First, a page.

Although there are periodic attempts to cut NASA's budget, I think that support for space exploration is pretty high. Still, we can always use help. Things you can do include writing to your congressional representatives and senators, joining space advocacy groups like the Planetary Society, and starting careers in math and science.
[ Megan/Denver 10:50:11 ]
I have to get back to class now; thank you very much Richard for answering my questions! It was great having the opportunity to chat with you today!!!! Good luck in your next job.
[ Shannon/PVHigh10:52:01 ]
Thanks Richard. This was my first chat and I learned a lot from you. I have to go back to class now too. Bye everyone!
[ RichardCook/MissionManager 10:52:14
RE: [Shannon/PVHigh] What do you think PF's most significant contribution was to humankind?
That's a hard question. Clearly, we have learned new things about Mars which will help us understand where we have come from and what our universe is like. In addition, we have demonstrated several new technologies that may have eventual applications in every day life. The biggest contribution to me, however, was that Pathfinder has helped to reinvigorate the space program and get people excited again. I think we all have real desire to explore and see what's out there, and this mission helped us feel what it is like to be on Mars.
[ Sandy/NASAChatHost 10:57:04
EVERYONE: It's time for Richard to get back to his "real" job now. Thank you very much for coming to the chat today and for your excellent questions. I hope you can join us again for next week's chat. And a very special thank you to Richard for spending time with us today! I think this was a learning experience for everyone! All the best to you on your new project :-)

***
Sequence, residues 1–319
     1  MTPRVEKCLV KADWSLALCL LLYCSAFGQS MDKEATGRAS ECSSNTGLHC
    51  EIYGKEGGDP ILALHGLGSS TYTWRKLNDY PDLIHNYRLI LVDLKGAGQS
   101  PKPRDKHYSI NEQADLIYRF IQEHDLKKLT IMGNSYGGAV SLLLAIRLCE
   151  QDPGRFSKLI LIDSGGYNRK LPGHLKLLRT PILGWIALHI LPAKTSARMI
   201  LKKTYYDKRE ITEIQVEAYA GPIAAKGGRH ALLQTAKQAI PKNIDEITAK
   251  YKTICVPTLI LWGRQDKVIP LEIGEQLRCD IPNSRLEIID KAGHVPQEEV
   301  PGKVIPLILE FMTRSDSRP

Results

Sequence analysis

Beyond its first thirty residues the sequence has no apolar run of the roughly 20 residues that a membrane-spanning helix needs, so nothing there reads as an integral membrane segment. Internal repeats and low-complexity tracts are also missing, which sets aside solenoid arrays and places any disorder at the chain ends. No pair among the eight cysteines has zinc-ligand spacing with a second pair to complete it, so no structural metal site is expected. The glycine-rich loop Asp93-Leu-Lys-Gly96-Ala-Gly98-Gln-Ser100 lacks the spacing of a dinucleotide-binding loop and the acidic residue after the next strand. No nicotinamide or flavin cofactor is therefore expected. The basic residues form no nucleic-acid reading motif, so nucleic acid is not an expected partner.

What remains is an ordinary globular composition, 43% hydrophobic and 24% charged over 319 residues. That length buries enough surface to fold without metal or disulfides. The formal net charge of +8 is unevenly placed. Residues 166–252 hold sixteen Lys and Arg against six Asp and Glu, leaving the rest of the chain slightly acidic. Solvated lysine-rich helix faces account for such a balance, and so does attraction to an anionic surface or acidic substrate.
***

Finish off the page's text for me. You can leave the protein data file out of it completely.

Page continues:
[ RichardCook/MissionManager 10:59:27
Thank you Sandy. Thanks also to everyone who asked such great questions. Pathfinder has been really exciting for all of us here at JPL, and I'm very happy to be able to share my experiences.
[ Sandy/NASAChatHost 11:01:14
RE: [Michael/Ashbrook] Thank you Mr. Cook [students at Ashbrook]
Goodbye students at Ashbrook! Thanks for joining us today. Come back for next week's chat with David Mittman on November 18 from 10:30-11:30 a.m., PST.
[ Sandy/NASAChatHost 11:03:04
Thanks again from Mrs. Dabbs' first grade students!!!
RE: [MrsDabbs/1stgrade/WestView] Mr. Cook thank you so much for taking time to answer our questions! We learned a great deal. We hope we can talk to you soon and we will be sending our name ideas to you.
Goodbye Mrs. Dabbs and to all of your 1st grade students, thank you for your great questions. You did a good job! I especially liked the question about how you as a class could name a rock on Mars! I have a few ideas myself that I am now going to send to Richard! Hope you can chat again next week!
Thanks again from Mrs. Dabbs' first grade students!!!
[ Sandy/NASAChatHost 11:04:35
RE: [Michael/Ashbrook] Sandy, my students want to thank you and NASA (and others) for providing this opportunity.
Michael, you and your students are MOST welcome :-) Connecting kids with the people at NASA is what we're all about and we love doing it :-) Hope to chat with you again in the future!
[ Sandy/NASAChatHost11:05:58 ]
RE: [MrsDabbs/1stgrade/WestView] Thanks Sandy! My students really enjoyed this!
Mrs. Dabbs: You're very welcome! Please bring your kids back again!
[ MrsDabbs/1stgrade/WestView - 70 - 11:11:37 ]
See you next week!